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International Men’s Day: Why men should talk about their mental health

While poor mental health can affect anyone, men are statistically far less likely to talk about it or seek help.

This is troubling, as in England roughly one in eight men have a common mental health problem like depression, anxiety, or panic disorder. Of course, it’s likely this number is higher as many men never seek out help. This means a large amount of the population is dealing with poor mental health in silence, with no support.

Only around a third of psychological therapies are accessed by men, and this method of support can make a huge difference to someone who might otherwise be dealing with their mental health alone.

Around 40% of men surveyed said it would take thoughts of self-harm or suicide before they would reach out for mental health support. But the earlier someone seeks help, the sooner they can start learning effective coping strategies, getting medication, or accessing mental health advocacy.

Just talking about your mental health makes it easier to cope with. Below are five reasons why men should talk about their mental health.

5 reasons why men should talk about their mental health

Suicide is the biggest killer of men under 45 in the UK

In the UK, over 4,000 men commit suicide annually. Men make up 75% of all suicides in the UK.

There are many different factors at work that contribute to this, but if more men felt able to talk about their mental health, it would make a drastic difference for the better.

Men are more likely to adopt unhealthy coping mechanisms

Men are around three times more likely than women to become dependent on alcohol or drug use as a way of coping with their mental health.

Gambling levels among men have skyrocketed during the pandemic, which can further damage mental health through stress or guilt, and can often create a loop where men will gamble more to try to feel better, making things worse.

Social media can make men’s mental health worse

Over a third of men say that social media has a negative impact on how they feel.

This number rises to almost 50% in men aged 18-34, who typically spend more time on social media.

Unrealistic expectations from social media can make men feel like they’re not as attractive, successful, or active as other people, and put pressure on them to seem perfect, which can lead to mental health difficulties.

The pandemic has made men’s mental health worse

Almost half of men said the pandemic made their mental health worse.

Isolation has of course had an impact on everyone, but with men less likely to reach out for support, or to ask how their friends are doing, it meant many men were struggling with no one to talk to.

Talking about mental health normalises it, and makes it easier for other men

While society has come a long way in terms of fighting the stigma around mental health, many men still feel that having mental health issues is a sign of weakness, something to be embarrassed or ashamed of, and that admitting it will cause others to see them differently.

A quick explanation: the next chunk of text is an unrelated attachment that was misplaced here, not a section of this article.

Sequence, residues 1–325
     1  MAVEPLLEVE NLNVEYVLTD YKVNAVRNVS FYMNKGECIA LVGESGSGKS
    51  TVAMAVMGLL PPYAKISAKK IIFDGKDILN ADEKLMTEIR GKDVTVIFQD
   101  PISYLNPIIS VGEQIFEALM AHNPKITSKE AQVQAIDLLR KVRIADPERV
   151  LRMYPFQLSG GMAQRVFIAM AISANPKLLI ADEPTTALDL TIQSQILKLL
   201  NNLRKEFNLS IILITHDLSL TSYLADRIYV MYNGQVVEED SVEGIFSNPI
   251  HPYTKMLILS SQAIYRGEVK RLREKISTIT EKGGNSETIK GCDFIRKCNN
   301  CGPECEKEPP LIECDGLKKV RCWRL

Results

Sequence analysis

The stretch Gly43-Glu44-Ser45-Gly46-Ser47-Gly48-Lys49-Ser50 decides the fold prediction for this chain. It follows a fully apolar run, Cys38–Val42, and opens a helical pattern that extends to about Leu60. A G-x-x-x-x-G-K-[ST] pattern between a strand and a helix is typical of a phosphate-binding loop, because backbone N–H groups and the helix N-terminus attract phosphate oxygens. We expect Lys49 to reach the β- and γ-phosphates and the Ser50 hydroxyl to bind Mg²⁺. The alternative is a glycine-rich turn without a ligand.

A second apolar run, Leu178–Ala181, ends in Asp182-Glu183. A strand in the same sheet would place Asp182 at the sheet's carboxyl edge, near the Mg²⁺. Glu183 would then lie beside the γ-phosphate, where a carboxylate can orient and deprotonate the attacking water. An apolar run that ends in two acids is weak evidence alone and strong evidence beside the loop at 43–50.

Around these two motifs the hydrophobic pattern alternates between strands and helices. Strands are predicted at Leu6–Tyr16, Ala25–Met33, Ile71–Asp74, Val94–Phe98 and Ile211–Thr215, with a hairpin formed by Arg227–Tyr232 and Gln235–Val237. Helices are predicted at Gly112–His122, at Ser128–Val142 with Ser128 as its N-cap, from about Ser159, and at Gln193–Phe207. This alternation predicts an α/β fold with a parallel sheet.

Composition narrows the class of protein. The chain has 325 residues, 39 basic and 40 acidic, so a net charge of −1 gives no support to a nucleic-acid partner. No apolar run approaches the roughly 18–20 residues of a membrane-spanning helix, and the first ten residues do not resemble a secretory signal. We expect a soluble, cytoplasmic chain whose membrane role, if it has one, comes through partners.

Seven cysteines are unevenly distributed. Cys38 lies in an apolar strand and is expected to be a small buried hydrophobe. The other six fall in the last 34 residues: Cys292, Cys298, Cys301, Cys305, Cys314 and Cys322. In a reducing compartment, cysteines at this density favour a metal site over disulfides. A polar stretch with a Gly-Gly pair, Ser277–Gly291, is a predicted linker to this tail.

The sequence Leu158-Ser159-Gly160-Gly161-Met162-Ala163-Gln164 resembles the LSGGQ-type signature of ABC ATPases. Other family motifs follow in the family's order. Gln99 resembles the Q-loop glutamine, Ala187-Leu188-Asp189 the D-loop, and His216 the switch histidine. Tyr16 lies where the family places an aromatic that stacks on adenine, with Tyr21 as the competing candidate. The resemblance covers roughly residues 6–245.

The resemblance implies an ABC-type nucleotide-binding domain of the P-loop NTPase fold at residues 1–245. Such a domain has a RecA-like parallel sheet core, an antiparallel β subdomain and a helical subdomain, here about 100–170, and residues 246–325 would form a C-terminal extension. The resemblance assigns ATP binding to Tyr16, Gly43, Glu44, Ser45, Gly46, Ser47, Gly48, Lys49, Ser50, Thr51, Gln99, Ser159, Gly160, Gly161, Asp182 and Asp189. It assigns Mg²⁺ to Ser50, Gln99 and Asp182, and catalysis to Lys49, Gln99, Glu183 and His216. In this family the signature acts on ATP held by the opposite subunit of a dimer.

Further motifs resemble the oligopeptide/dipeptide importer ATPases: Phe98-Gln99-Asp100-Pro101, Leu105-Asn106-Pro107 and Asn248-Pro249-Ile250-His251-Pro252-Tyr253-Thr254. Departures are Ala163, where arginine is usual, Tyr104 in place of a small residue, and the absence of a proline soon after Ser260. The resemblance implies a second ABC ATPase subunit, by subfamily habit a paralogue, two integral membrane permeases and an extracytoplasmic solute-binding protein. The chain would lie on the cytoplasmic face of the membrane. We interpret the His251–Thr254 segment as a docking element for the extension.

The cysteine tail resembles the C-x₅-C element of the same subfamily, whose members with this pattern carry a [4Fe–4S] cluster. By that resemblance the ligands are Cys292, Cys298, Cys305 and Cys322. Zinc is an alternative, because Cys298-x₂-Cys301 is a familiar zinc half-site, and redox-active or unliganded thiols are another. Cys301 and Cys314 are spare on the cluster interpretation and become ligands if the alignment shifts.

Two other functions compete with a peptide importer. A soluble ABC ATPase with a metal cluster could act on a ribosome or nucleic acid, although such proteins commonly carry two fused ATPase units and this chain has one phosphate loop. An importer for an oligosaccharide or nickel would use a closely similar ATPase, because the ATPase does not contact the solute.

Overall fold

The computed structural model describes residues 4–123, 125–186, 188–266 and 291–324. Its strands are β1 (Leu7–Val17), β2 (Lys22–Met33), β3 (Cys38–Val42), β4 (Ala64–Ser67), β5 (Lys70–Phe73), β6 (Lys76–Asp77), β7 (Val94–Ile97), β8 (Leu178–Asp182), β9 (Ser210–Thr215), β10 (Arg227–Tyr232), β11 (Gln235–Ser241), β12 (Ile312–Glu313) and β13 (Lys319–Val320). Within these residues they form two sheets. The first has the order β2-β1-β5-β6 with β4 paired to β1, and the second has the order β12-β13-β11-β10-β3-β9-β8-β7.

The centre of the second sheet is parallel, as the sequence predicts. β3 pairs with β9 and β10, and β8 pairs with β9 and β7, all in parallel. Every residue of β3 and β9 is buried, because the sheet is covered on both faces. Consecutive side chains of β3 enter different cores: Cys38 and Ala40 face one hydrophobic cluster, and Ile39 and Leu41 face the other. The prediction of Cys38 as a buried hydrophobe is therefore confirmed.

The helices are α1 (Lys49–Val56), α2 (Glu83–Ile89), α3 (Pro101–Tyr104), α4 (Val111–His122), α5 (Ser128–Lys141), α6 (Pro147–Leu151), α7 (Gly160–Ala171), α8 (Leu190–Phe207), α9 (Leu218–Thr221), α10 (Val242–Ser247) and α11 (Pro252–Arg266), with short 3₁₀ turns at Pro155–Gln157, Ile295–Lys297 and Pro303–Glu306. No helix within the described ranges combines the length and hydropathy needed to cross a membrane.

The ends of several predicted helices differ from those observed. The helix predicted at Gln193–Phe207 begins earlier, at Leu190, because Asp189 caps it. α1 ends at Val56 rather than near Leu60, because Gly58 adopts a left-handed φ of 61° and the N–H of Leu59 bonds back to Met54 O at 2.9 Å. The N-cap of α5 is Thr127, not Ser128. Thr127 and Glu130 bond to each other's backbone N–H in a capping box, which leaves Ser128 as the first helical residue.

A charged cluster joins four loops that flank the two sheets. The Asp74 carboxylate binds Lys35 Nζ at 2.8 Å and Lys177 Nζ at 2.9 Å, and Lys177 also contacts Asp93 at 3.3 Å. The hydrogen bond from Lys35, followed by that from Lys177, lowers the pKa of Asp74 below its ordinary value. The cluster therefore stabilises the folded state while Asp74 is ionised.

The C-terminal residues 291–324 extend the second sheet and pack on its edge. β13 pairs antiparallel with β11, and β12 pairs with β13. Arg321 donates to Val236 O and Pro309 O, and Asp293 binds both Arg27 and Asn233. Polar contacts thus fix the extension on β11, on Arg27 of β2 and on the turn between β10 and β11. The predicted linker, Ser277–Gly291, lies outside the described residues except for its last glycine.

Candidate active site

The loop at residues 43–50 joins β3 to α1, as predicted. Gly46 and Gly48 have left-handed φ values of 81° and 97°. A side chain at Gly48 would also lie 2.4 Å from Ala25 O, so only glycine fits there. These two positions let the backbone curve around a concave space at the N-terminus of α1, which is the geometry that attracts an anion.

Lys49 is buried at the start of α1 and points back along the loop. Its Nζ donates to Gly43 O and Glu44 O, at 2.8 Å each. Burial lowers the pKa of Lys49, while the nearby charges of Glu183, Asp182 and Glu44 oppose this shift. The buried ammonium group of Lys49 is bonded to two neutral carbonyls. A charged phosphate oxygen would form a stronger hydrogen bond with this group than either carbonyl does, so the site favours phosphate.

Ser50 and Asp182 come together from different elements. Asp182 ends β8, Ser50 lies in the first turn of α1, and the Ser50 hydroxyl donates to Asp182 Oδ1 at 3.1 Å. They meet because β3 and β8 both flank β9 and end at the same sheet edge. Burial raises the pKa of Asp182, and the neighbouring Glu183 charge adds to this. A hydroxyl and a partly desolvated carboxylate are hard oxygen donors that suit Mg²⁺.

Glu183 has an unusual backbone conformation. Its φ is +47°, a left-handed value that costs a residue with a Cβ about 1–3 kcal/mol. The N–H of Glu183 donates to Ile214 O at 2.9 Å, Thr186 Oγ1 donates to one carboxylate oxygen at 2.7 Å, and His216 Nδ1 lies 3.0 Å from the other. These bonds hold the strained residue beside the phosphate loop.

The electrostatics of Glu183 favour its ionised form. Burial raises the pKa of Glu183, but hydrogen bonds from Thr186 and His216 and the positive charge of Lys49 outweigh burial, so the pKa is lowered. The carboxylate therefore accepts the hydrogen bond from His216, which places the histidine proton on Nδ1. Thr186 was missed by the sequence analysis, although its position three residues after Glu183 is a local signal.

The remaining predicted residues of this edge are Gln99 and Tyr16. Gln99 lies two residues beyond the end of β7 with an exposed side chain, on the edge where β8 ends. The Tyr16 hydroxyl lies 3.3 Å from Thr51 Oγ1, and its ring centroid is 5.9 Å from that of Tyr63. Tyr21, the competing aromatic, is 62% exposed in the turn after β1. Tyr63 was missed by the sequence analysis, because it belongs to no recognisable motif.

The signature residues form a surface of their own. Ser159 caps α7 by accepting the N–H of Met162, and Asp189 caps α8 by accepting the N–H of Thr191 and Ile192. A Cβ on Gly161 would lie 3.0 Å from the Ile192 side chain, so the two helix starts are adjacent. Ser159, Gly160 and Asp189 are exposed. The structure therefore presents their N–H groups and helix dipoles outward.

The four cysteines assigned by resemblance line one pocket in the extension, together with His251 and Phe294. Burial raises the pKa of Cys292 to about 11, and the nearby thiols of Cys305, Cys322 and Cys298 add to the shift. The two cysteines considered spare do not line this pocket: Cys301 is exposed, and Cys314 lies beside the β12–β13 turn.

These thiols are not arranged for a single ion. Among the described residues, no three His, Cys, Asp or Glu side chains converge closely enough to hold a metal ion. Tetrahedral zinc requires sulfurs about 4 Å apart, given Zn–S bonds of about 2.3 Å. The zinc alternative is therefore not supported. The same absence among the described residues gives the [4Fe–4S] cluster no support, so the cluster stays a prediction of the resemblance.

But when more men come forward and talk about how they’re dealing with their mental health, it makes easier for others to do the same.

Why men don’t talk about their mental health

Besides existing stigma around men experiencing mental health issues, there is a deeper problem: generally, men aren’t raised or socialised to talk about their feelings.

Many men are raised to be strong, stoic, to always be ‘fine.’ This is reinforced as they grow up, with other boys and men always acting as if nothing is wrong.

‘From childhood boys are told to keep quiet about emotions and that men don’t talk to each other… It became tiring and I became very withdrawn. I felt forced to conform.’ – Mind focus group participant

However, things are getting better. Men are now three times more likely to see a therapist than they were ten years ago, and are now equally as likely as women to seek help from their GP is they’re feeling low.

Social media has allowed men to speak out about their feelings, find support, and help others feel confident in sharing about their mental health.

As more men talk about how they’re doing, it becomes easier for others to open up.

Warning signs of poor mental health in men:

Poor sleep

Lack of sleep, or feeling a lack of rest after sleep can be a sign of depression

Emotional outbursts

Sudden mood swings, explosive anger, or irritability at little things can be signs of poor mental health

Lack of motivation

A lack of motivation, or general low mood, is a sign of depression.

Low appetite

A low appetite or lack of interest in food can signal something may have changed mentally.

Excessive drinking or risky behaviours

Drinking more, gambling, or drug use can be signs of depression.

If you or someone you know has been exhibiting these behaviours, check out our mental health support services, or read more about why men need to talk about their mental health.

If you’re struggling with your mental health, visit the Samaritans website, or call them on 116 123, or call HFEH Mind on 0208 571 7454

Posted on: 19th November 2021

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